As the anti-government demonstrations in Nairobi entered the second week, anxiety, heavy police presence and slow business marked the day.
Businesses in the Central Business District (CBD) continued to count losses as their shops remained closed during the Azimio mass protests on Monday, March 27.
A spot check by The Standard on the city routes and the city centre painted a different picture compared to last Monday’s protests.
From Moi Avenue towards the Central Business District, Anti-riot police are stationed with the majority standing outside Hilton Hotel dubbed the ‘jobless corner’, where job seekers usually rest.
"They were here as early as 6am. It is very different from last week when the officers arrived much later," a security guard along Mama Ngina Street told The Standard.
"We hope there will be no disruption because our businesses will be affected," Andrew Kibe, a trader along Kimathi Street, said.
Some supermarkets within the centre were open for early morning customers among them those along Ronald Ngala Street.
Uptown, the cops were seen patrolling in groups of two armed with teargas at their waistbands and clubs in hands ready for the day.
On city routes, some matatus were spotted parked at petrol stations while a few operated as usual.
In Eastlands, city residents who rely on Commuter trains were notified that normal services would not be available.
Around Wakulima and Muthurwa markets, it was business as usual as traders offloaded goods from parked trucks.
At mid-morning, many shops along main streets like Kenyatta Avenue, Tom Mboya, Moi Avenue, City Hall Way were still closed.
Just a handful of shops were opened but with a lot of with caution. Some traders only opened doors halfway.
Others counting losses were businesspeople dealing in transport, retail shops, hotels, fruits and vegetables at the famous Marikiti market.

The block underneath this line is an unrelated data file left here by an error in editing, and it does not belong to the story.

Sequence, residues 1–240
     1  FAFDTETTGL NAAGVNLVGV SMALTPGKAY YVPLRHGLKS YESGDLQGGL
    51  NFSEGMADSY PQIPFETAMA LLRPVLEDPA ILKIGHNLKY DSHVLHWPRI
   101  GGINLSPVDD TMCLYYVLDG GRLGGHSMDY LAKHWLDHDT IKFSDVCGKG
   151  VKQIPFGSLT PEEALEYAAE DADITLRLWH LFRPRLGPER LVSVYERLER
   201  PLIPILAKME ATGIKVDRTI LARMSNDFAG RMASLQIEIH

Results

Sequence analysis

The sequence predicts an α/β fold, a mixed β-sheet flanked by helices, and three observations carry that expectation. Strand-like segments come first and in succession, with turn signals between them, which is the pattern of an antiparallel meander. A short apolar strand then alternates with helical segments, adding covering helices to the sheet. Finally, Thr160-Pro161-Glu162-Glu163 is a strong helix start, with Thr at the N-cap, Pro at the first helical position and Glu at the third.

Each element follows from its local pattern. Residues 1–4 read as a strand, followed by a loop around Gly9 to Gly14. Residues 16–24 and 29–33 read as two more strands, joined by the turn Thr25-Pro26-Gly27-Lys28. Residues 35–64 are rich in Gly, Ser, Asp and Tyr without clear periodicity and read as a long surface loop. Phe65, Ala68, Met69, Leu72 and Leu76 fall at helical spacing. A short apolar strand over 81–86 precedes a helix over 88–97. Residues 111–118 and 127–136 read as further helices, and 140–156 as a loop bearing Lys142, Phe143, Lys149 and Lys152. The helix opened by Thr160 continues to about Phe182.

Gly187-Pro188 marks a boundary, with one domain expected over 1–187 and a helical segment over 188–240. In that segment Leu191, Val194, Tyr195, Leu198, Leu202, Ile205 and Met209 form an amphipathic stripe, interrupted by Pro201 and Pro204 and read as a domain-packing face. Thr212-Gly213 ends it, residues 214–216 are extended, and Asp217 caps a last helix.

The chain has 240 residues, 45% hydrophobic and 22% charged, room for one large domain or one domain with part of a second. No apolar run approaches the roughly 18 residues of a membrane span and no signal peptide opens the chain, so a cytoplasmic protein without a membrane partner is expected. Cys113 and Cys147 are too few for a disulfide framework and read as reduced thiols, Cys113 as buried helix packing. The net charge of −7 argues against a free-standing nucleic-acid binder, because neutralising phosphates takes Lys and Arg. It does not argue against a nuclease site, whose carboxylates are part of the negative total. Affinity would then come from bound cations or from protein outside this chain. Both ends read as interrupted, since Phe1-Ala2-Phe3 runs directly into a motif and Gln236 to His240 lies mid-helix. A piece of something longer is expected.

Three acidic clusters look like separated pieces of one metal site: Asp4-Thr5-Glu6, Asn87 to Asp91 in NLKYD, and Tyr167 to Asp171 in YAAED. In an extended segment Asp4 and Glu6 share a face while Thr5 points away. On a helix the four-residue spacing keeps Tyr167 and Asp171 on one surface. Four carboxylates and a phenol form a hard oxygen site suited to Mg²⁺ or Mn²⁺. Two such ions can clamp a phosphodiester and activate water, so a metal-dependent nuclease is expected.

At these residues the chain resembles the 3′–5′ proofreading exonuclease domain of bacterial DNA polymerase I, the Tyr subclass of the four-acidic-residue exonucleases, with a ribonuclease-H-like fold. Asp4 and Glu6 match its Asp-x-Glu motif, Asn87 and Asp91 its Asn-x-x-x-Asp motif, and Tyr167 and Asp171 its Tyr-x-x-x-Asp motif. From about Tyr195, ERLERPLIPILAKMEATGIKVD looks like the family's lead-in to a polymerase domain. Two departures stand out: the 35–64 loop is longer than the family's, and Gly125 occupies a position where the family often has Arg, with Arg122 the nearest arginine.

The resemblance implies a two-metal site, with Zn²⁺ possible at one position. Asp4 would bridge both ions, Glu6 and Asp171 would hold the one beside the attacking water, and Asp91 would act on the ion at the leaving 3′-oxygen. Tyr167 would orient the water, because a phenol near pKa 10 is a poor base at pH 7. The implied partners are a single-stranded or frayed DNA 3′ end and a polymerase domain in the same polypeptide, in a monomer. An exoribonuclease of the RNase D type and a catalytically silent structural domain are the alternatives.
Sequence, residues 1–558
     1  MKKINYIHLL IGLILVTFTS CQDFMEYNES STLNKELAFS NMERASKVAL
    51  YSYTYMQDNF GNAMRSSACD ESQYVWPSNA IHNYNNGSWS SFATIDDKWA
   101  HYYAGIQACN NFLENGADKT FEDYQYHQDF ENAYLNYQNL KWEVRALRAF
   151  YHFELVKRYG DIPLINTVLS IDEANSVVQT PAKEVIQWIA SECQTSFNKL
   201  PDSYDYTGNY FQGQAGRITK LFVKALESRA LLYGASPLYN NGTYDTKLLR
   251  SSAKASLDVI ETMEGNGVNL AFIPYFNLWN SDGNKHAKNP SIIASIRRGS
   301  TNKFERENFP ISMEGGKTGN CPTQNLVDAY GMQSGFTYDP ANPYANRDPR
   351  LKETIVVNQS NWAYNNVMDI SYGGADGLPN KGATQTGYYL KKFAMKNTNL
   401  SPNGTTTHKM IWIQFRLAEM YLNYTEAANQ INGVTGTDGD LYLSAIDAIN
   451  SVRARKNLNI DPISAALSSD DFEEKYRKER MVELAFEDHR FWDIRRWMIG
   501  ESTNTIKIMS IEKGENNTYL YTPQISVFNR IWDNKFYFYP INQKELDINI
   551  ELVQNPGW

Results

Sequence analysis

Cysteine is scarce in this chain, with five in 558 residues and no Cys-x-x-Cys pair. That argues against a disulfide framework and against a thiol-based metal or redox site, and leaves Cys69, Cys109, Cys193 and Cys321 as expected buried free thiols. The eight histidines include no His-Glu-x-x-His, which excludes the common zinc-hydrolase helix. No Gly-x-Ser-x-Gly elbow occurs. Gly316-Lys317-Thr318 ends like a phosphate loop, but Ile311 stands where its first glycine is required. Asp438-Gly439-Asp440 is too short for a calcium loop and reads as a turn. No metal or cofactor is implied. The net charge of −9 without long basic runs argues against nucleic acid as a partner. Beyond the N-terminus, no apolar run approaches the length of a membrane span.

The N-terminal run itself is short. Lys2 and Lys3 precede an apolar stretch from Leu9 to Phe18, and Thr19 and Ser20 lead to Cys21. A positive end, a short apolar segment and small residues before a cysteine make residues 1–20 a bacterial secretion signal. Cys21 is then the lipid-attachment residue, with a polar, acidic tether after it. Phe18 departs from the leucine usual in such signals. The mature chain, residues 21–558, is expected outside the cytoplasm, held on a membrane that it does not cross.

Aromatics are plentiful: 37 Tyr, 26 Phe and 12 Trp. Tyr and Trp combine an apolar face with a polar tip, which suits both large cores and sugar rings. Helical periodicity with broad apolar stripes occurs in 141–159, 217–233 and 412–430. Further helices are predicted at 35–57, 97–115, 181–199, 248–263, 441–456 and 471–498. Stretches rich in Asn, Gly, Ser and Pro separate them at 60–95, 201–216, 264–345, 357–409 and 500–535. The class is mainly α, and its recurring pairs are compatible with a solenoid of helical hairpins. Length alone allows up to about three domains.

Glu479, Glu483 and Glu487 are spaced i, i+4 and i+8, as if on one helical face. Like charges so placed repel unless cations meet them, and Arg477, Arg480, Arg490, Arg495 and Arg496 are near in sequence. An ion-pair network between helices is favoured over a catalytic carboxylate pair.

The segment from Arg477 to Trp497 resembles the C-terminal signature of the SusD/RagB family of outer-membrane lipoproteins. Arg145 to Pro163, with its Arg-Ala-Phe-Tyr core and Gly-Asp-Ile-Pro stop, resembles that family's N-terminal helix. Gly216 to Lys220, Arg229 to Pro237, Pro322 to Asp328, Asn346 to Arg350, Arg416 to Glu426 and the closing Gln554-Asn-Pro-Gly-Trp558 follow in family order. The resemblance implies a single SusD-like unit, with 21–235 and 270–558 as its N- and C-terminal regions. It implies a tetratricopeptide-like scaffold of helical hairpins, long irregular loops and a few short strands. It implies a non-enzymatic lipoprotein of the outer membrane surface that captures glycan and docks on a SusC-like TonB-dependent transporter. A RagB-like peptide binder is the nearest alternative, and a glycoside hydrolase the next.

‘On a normal day, this lorry of oranges would be empty but see it’s not yet even halfway done. There are no more customers since many have stayed home and not opened their businesses,’’ said Naomi Njeri, a trader at Marikiti who imports her oranges from Tanzania
‘‘Today business has been disrupted and Thursdays might be the same. I might be forced to stop ordering oranges from Tanzania since I might incur more losses,’’ she added.
Njeri called upon President William Ruto and Odinga to sit down and talk, for a conducive business environment.
At the same market along Haile Selassie Avenue, handcart pushers who rely on carrying luggage from traders were also counting losses. Many of the two-wheeler apparatus were packed along the avenue as owners stayed away.
‘‘These roads entering Marikiti market are always busy. Monday last week was bad and today also and we are the ones losing,’’ said Timothy Mwangi, chairman of the Handcart Pushers Association.
Mwangi said they recognise the government they elected and that what they want is peace.
At the Kencom, Ambassador Hotel and Accra Road bus stops, which are always a beehive of activity, there was less human traffic. Many Kenya Bus Services (KBS) were parked behind Kencom area for lack of business.
According to Naivas Supermarkets Chief Commercial Officer Willy Kimani, business was very low on Monday.
"Business is generally low, we had to shut down three of our branches in Kisumu and in Nairobi we were on and off. We have been forced to close the city branches early today from 5pm to 6pm in the CBD to let workers go home early. We have also stopped the 24-hour, seven-days-a-week branches," said Kimani, who said he can't quantify the number of losses suffered in terms of sales income.
Deputy President Rigathi Gachagua said the country lost Sh2 billion due to last Monday’s protests
Opposition leader Raila Odinga had announced that mass protests will be held every Monday and Thursday.